All my life I have lived and behaved very much like the sandpiper – just running down the edges of different countries and continents, ‘looking for something’. Elizabeth Bishop
15 hours in a cramped Boeing 737 and we arrive bleary eyed in Hong Kong.
After a nightmare 30 kilometer ride from the airport, across Lantau Island, over a mountain and into the city center, we give thanks that some higher being has spared us from being flattened by the careening double-decker buses, lurching street-cars and speeding taxis.
A battle with the world’s longest outdoor escalator
Our Hong Kong expat host’s flat is located just off the 800-meter hillside escalator that climbs up to the posh residential buildings of the mid-levels district.
Tired of pushing my bike up the steep steps, I opt for the escalator and soon regret my decision as the bike comes crashing back at me, threatening to start a domino effect of downed pedestrians.
Eventually we arrive at Martin’s place, collapse into bed and vow to never, ever take another flight so long as we live.
East meets West
In the morning, I discover that Hong Kong isn’t all that different from Vancouver.
Hong Kong is home to around 120,000 expats– 60,000 of them Americans. Vancouver’s ethnic Asian population is estimated at 38%.
Wander around Vancouver’s bustling Chinatown and you’ll come across daikon radishes and gourmet chicken feet, dried scallops and rare wild ginseng.
If you’re ailing, pop into one of the many pharmacies for a traditional Chinese medicinal cure. You’ll be instructed to down a potent medicine concocted of herbs and exotic ingredients such as snake oil, cows’ gallstones, cinnamon twigs, apricot seeds and fresh ginger.
Finally some sunshine for our last look at Vancouver.
A good transition to Asia,
Roam around Hong Kong’s central district and you’ll be bombarded with western-style restaurants, chain stores, shops, pubs and glitzy hotels.
Just across from the flat we’re currently calling home, there’s “Chicken on the Run” an Australian inspired takeout joint. Down the road is Cafe O, a trendy place for lunch, then there are the numerous British-style pubs and further on there’s a Starbucks.
On a morning walk up to The Peak we got a glimpse of Hong Kong spreading out below.
Deprived of nothing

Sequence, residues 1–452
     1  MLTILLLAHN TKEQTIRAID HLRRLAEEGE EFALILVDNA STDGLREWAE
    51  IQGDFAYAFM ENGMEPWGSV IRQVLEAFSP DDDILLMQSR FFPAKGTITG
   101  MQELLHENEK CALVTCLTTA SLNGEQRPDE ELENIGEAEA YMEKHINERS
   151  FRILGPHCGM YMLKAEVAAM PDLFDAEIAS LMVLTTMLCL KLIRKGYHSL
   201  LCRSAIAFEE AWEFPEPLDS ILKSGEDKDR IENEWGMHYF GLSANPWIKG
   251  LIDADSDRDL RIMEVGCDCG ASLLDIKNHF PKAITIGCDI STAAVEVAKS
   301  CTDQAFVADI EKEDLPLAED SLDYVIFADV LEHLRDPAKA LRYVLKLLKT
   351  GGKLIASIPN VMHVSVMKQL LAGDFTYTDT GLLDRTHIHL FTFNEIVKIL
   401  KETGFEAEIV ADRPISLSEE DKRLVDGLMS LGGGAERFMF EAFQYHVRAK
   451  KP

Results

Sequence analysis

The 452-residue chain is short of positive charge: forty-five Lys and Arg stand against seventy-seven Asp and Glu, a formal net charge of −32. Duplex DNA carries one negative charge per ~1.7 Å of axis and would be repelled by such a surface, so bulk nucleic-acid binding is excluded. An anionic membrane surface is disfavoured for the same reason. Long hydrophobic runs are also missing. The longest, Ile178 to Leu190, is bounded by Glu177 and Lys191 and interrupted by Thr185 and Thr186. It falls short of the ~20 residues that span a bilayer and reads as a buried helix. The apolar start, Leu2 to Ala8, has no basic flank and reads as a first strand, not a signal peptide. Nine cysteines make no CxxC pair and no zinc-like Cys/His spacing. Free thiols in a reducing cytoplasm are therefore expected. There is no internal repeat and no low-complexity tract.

A five minute walk brings me to the Wellcome Supermarket (and no, the double L is not a typo). Imported products from smelly French cheese and Driscoll’s strawberries from southern California to Aunt Jemima pancake mix and Campbell’s soup line the shelves.
It’s food heaven for foreigners on expat salaries and a major test of self-control for cash-strapped travelers.
Are we experiencing culture shock on this new continent? Not really.
Something to worry about
What we are experiencing is bit of anxiety.
Visa anxiety. Chinese visa application anxiety.
A simple process according to guidebooks and blogs. Fill out the forms, attach a photo, pay your fee and pickup is in 4 days.
After a good two hour wait at the visa office, our number finally popped up on the screen: 106.
We scurried to the front, and shoved the completed 6 page application forms and passports through a narrow slot in a window.
After a cursory glance, the stone-faced official staring out from behind the window shoved them back. “You bring these documents. Come back tomorrow.”
With our rejected passports and applications came a list of requirements:
1) The round trip tickets
2) Hotel booking for the visiting cities in China
3) Travel insurance in China or worldwide
4) You travel schedule (daily) in China (with printed version only)
We’re in trouble. Big trouble.
Number four—proof of travel insurance—was the only item we could possibly provide.
Why all the hassle? With the help of google we discovered why.
French passports. That’s why.
On a quest for a Chinese visa.
Apparently the Chinese have had some diplomatic tiff with the French, resulting in a tightening of visa requirements.
That left us in a bit of a bind. How could we magically produce the necessary documents?
There was an alternative. We could contact a professional visa service. A fixer, if you will.
Those people have connections and are known for their expertise at finagling the system. Their services don’t come free, naturally. And being married to a man whose primary motivation in life is to cut costs, I knew a visa service was out of question.
Out of thin air
In the end, we—rather miraculously I must say—managed to produce all the required documents. Proof of onward flights, city by city hotel bookings and a detailed daily travel schedule…the whole shebang.
Now it’s just a question of waiting.
The same stone-faced official accepted our applications and instructed us to come back Monday. To pick-up our passports stamped with double-entry 3-month Chinese visas, at least that’s what I’m assuming.
In the meantime, to quell our anxiety we’re keeping busy exploring the city and trekking up to Victoria Peak each evening to take in the sunset over the stunning Hong Kong skyline.
the best way to end the day: a climb up to victoria peak